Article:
My take is that most of the “utility” of a blind transactional system is in how it allows the unscrupulous to screw over the ignorant.

        > Can you explain why p2p and commons theory can’t be modeled as special kinds of markets?

        Why aren’t you trying to model markets as a special kind of commons? Ha ha ha. The concepts themselves are abstractions, and there is an element of reflexivity here, so it makes discussing them difficult.

        Here’s one way I distinguish the two concepts. A market is a space where exchange happens and each party must give up something. A commons is a goal in and of itself. Parties can take from the commons without giving, but other parties must be maintaining it. So markets are about direct economic linkages which demand an accounting and commons are spaces for indirect ones. The indirection is necessary and the market system does not allow it, so the money abstraction gets created. In a commons a holistic accounting can done by tracking outcomes rather than making sure all the steps used are all “equal”.

        > In order to promote a particular, narrow point of universality (a universal value for human time) I have proposed the relatively controversial (and inconvenient to explain and defend, as our discussion proves) device of disentangling time from productivity.

        I’m not sure what you’re saying here. It’s not possible to do production outside of time, so why are you trying to “disentangle” from it? This sort of reductionism (if that’s what you’re doing) is what I’m advocating against.

        • Poor Richard Says:

          Karl, I’m sympathetic with your line of argument but it also seems a little dogmatic or ideological. My thoughts about about a labor-based currency are very preliminary and may lead nowhere. I’m trying to tease out some things I don’t see clearly yet, but which I seem to have some nagging thoughts and feelings about.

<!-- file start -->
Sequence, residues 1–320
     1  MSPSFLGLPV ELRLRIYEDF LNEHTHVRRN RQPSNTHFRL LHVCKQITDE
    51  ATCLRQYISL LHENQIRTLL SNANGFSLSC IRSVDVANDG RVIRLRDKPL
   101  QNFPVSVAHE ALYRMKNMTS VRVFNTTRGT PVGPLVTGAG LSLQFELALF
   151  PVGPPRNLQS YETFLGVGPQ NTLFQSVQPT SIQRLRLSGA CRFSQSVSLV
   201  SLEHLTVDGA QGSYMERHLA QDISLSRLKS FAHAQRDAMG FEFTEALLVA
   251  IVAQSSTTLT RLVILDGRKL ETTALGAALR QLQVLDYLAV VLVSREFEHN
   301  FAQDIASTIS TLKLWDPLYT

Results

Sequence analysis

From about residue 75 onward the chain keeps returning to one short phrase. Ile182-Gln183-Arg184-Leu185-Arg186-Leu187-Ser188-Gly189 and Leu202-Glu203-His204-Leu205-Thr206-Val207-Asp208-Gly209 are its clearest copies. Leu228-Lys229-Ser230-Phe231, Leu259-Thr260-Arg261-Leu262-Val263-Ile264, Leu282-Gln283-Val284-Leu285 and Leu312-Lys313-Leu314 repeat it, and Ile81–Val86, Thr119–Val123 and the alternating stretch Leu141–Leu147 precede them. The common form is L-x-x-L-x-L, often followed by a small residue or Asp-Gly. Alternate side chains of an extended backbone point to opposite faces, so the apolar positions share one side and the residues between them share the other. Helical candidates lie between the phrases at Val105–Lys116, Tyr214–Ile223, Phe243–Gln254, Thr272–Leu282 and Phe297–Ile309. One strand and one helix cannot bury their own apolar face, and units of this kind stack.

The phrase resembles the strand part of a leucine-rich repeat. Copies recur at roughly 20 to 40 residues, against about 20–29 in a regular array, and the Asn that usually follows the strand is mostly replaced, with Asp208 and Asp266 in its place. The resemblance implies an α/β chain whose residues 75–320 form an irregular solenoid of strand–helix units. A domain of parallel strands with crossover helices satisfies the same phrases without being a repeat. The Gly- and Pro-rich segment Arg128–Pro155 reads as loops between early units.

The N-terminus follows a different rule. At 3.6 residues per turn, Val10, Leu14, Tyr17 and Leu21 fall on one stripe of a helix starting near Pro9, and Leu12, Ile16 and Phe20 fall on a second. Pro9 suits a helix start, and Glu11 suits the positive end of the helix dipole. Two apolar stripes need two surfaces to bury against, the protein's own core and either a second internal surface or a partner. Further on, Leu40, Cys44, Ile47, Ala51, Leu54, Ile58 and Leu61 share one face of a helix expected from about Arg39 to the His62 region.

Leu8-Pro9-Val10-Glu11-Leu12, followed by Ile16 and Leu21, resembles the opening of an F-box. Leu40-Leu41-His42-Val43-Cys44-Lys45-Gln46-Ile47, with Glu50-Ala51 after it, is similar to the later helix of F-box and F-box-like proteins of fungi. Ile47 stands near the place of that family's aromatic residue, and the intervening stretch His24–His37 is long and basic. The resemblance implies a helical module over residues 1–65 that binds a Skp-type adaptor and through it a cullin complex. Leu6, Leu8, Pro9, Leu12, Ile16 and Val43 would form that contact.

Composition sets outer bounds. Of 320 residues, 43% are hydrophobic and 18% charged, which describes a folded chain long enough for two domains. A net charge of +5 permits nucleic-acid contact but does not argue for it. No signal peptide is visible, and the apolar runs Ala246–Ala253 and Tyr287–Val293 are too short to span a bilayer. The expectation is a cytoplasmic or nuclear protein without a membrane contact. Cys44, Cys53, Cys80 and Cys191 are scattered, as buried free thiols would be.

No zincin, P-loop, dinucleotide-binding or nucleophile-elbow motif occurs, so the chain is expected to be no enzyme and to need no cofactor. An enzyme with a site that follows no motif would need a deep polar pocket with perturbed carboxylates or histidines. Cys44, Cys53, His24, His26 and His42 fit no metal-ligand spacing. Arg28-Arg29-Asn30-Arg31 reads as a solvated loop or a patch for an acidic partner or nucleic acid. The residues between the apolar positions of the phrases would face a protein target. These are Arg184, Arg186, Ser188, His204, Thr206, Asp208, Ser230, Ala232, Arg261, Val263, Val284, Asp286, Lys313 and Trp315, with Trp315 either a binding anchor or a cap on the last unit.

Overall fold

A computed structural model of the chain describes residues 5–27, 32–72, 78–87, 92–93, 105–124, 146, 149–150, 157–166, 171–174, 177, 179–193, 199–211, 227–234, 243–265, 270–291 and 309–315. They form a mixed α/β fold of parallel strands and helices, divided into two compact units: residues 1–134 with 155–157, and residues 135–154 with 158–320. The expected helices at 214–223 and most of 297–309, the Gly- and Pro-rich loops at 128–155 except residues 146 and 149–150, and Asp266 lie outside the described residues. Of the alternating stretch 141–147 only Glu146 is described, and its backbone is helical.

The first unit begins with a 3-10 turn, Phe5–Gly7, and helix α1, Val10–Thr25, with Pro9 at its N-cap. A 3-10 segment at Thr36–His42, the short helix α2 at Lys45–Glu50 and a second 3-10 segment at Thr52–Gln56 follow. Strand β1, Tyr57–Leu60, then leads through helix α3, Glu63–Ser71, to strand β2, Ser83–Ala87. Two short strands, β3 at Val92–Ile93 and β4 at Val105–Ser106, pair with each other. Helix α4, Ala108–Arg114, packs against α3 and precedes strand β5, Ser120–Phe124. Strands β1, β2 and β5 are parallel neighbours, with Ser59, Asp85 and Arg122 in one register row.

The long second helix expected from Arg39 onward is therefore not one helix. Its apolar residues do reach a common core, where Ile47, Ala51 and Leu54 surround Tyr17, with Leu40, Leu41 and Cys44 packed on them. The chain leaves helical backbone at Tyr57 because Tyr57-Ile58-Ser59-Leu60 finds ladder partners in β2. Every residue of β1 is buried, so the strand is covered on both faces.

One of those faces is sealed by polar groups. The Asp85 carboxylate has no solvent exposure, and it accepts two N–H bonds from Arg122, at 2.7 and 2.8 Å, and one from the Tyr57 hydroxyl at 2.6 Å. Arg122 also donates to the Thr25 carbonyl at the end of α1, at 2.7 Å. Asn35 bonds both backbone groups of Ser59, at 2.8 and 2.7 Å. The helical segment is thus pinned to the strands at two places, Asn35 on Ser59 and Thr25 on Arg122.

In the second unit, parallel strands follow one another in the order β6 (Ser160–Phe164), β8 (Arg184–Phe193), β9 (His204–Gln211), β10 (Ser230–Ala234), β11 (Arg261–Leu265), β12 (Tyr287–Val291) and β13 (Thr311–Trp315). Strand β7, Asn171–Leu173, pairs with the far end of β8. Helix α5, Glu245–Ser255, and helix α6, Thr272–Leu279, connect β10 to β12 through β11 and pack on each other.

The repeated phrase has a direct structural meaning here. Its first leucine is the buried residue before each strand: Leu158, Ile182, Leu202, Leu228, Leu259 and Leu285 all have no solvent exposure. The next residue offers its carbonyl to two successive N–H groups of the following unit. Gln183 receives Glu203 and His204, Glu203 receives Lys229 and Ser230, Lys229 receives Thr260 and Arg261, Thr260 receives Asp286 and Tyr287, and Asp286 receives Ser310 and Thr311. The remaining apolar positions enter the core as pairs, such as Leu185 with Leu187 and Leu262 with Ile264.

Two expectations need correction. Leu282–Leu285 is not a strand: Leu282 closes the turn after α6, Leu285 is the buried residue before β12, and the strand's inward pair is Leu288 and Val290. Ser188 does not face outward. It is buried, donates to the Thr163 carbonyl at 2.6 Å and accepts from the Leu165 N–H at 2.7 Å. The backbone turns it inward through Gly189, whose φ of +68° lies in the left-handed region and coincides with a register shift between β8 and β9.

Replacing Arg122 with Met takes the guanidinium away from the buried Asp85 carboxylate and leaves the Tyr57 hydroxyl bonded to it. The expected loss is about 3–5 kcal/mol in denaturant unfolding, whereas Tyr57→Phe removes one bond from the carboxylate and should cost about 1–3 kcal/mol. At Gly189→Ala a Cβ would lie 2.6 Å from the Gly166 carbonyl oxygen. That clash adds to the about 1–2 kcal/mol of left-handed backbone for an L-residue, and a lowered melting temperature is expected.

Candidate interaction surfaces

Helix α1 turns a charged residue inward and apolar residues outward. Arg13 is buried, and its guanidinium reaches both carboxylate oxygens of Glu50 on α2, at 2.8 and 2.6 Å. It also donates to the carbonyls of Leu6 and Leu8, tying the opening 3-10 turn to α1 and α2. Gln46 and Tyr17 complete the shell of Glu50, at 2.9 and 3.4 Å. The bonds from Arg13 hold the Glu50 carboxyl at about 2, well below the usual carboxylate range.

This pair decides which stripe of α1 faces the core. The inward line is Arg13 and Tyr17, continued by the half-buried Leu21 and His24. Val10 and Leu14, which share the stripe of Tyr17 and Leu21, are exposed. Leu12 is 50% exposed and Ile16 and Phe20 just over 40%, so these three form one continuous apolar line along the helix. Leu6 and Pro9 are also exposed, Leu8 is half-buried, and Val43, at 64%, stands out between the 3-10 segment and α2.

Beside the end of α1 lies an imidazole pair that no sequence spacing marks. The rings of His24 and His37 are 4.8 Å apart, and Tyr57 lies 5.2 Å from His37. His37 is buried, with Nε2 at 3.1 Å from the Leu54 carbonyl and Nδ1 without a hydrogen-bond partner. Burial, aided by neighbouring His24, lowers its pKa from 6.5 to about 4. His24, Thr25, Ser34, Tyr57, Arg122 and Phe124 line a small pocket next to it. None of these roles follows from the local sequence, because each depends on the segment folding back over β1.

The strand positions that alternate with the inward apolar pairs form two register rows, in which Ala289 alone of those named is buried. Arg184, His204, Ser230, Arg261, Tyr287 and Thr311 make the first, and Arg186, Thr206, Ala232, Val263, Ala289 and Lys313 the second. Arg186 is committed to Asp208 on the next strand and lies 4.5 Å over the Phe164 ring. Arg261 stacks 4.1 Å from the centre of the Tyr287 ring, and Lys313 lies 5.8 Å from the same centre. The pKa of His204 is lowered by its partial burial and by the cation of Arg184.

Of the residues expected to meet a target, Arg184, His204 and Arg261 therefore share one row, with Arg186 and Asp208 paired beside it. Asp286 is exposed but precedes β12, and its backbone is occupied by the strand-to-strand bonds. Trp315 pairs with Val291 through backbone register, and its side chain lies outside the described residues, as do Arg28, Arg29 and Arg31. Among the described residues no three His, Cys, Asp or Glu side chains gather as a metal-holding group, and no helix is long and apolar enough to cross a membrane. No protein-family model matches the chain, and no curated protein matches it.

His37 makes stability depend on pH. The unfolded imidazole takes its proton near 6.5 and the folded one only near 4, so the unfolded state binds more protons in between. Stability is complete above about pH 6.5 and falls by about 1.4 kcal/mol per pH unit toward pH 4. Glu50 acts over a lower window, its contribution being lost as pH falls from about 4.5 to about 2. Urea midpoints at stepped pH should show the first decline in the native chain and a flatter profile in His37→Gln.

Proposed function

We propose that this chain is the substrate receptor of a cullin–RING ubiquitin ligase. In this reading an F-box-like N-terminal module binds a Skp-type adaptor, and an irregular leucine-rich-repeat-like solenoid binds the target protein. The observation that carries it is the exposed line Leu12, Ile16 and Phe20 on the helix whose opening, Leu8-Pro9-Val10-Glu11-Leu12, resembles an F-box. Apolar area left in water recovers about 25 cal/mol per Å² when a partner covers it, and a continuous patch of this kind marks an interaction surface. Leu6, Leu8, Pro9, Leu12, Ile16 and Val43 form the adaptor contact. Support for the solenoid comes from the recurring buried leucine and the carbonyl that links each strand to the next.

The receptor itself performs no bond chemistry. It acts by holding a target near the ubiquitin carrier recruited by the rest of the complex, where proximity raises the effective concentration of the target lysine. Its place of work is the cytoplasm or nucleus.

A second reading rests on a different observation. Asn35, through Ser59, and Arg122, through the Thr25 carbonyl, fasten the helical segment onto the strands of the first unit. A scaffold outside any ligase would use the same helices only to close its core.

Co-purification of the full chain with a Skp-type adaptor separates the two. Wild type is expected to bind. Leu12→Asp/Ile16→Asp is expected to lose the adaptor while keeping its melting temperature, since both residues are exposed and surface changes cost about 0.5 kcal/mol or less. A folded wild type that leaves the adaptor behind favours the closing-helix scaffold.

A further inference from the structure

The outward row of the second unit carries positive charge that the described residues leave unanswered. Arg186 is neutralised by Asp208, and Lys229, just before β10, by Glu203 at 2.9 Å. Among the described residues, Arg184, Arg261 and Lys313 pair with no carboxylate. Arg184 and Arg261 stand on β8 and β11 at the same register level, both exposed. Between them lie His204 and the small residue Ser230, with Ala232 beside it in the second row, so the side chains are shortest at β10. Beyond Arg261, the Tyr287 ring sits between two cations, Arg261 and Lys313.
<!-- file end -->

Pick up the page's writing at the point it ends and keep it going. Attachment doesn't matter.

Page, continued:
For example, I’m not comfortable with the assumption that a lawyer’s time is worth more than a janitor’s, or that some people may be more valuable than others, or that some lives may be more valuable than others. I understand that the value of goods and services produced by labor may be valued very differently, and that people have different expertise, intelligence, etc. I don’t have a problem with that part.

          This has two other dimensions: how we see/judge/value ourselves and how others do.

          How we are paid or rewarded for our time is tangled up in all this.

          I am not really interested in discussing moneyless economic models. I don’t think they will solve the problem. People are still going to do some amount of cost-benefit (give-get) accounting even if unconsciously. And most people still want to trade and travel in the outside world even if they live on a self-sufficient farm. This isn’t theory–I’ve been around.

          I don’t have much background in alternative currency issues, but I’ve lived in four communities that involved various kinds of commons, visited many others, and read about many more. I know that conflicts about rules, fairness, etc. are common when responsibilities and resources are shared. Sometimes abundance reduces conflicts and scarcity increases them, and sometimes the opposite. Every group of people and every situation is different.